And he said, Nay, father Abraham: but if one went unto them from the dead, they will repent.



John 11

Those who believed after Lazarus was raised from the dead aren't "done". John has already established this reality in chapter 6. After seeing a miracle, believing, and presumably being quite impressed, some of Jesus' followers turned away after He taught them hard things about priorities:

From that time many of his disciples went back, and walked no more with him. (John 6:66)

It wasn't enough for them to be impressed--they needed to be willing to make the kinds of sacrifices Jesus taught in John 6--and they were (to use the definitions from the beginning of the post) willing to believe, but not to proceed to faith & repentance.


Luke 16

Critically, Luke 16:31 employs the word "if". God has given them reason to believe--not just to believe Moses said true things, but to believe enough to repent--and if what God has already given them wasn't enough, the miracle proposed by the rich man won't be enough either.

This form of dialogue is common among those who choose not to believe - "I would believe if I just had more evidence!" The evidence of the Biblical text suggests this simply is not true. God has given evidence (e.g. Job 12:8-10). Asking God questions is encouraged (see Matt. 7:7); but rejecting the evidence God has given or demanding more evidence ad infinitum before repenting is condemned (see Matt. 12:39).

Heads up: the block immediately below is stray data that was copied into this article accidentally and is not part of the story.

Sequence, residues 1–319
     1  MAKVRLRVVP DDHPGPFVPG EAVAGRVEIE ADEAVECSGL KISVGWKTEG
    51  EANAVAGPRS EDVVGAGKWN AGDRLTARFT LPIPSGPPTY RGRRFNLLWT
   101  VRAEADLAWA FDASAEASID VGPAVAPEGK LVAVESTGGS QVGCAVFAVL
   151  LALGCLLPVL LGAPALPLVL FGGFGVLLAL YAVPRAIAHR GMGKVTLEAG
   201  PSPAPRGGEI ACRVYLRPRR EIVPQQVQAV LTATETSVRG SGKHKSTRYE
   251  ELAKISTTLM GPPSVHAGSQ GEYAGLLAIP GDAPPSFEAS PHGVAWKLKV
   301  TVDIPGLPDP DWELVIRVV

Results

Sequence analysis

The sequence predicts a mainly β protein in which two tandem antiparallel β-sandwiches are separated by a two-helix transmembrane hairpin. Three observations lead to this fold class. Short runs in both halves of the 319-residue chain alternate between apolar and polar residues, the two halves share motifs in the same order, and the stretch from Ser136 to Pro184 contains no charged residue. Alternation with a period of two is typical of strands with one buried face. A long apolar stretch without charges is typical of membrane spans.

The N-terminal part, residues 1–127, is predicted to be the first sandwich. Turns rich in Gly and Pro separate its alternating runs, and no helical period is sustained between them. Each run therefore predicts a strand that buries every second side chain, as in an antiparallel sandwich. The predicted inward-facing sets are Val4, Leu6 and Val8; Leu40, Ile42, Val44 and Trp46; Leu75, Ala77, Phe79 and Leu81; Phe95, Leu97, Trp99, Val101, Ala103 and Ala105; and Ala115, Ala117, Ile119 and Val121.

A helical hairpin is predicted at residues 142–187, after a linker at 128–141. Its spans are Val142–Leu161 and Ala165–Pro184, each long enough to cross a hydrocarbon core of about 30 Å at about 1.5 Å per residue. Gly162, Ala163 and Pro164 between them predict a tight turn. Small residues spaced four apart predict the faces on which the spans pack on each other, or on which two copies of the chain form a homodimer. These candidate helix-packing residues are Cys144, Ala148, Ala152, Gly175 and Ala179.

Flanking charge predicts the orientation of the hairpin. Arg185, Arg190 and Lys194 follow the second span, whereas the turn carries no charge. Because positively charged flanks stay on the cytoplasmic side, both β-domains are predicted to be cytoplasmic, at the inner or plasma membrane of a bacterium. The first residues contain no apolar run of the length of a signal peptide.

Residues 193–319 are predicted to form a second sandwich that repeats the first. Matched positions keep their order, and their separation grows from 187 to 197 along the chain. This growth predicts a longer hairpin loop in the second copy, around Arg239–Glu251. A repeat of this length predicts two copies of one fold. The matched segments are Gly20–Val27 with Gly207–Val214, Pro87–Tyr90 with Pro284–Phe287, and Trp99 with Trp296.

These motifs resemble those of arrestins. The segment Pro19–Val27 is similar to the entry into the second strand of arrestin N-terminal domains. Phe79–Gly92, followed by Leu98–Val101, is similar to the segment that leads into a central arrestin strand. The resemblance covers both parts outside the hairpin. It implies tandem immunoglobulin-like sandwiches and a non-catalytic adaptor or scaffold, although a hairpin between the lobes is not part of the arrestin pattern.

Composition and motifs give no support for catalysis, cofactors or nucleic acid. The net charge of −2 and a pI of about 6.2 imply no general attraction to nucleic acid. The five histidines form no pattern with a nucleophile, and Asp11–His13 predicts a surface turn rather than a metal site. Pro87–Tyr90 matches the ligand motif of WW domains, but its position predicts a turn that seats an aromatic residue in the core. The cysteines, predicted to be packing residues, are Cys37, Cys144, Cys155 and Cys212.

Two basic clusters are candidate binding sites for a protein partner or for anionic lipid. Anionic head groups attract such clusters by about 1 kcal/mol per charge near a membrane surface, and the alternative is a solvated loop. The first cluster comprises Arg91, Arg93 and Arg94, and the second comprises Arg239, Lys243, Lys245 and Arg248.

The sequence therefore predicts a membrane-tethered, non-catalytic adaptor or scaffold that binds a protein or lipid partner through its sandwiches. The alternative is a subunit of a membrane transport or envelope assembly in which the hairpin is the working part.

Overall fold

Reasons to believe are given, and if they are faithfully acted upon, more will be given (see also Isaiah 28:9-10).

As noted by Dottard, faith precedes miracles. It may well be that a miracle resulting from someone else's faith catches other people's attention and spawns their own journey of belief. But that new belief will produce no miracles and be no more effective than the belief by the devils in God (James 2:19) or by the rich man's brothers' belief in Moses (Luke 16:31), if it is not followed by faith & repentance.

Far greater than the miracle of giving physical life is the miracle of transforming a human soul for eternal life - this miracle requires more than passive cognitive assent: it requires faith.


For some background about signs wonders and miracles, see my answer to this question >> Does God approve or disapprove of convincing unbelievers through miracles?

Faith should never be based on miracles at all as Luke 16:30, 31 plainly teaches. In Luke 7:18-23 Jesus uses the miracles of healing, etc, to confirm to John's disciples the faith that they should have already had.

Jesus taught and preached far more than he healed. A Christian's faith should be based purely on their trust in Jesus as Heb 12:2, 3, Col 3:1-3 plainly teach. There is nothing wrong with miracles but they should only confirm and not convince.

The healing of the 10 lepers (Luke 17:11-19) is helpful here about the place of miracles:

  • the lepers had to have faith in Christ before their healing as demonstrated by Jesus' instruction to go to the priest before they were healed.
  • Despite the miracle, only one returned to "give glory to God" (Luke 17:18)